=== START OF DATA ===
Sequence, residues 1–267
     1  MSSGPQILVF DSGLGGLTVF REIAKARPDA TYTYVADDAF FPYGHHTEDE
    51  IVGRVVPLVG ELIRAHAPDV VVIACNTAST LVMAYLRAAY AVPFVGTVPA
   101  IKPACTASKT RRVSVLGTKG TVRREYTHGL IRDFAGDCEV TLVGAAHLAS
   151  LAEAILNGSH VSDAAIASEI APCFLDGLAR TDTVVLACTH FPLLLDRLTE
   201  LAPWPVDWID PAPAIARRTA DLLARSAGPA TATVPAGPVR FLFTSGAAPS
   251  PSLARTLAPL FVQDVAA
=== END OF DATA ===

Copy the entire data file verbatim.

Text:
Sequence, residues 1–267
     1  MSSGPQILVF DSGLGGLTVF REIAKARPDA TYTYVADDAF FPYGHHTEDE
    51  IVGRVVPLVG ELIRAHAPDV VVIACNTAST LVMAYLRAAY AVPFVGTVPA
   101  IKPACTASKT RRVSVLGTKG TVRREYTHGL IRDFAGDCEV TLVGAAHLAS
   151  LAEAILNGSH VSDAAIASEI APCFLDGLAR TDTVVLACTH FPLLLDRLTE
   201  LAPWPVDWID PAPAIARRTA DLLARSAGPA TATVPAGPVR FLFTSGAAPS
   251  PSLARTLAPL FVQDVAA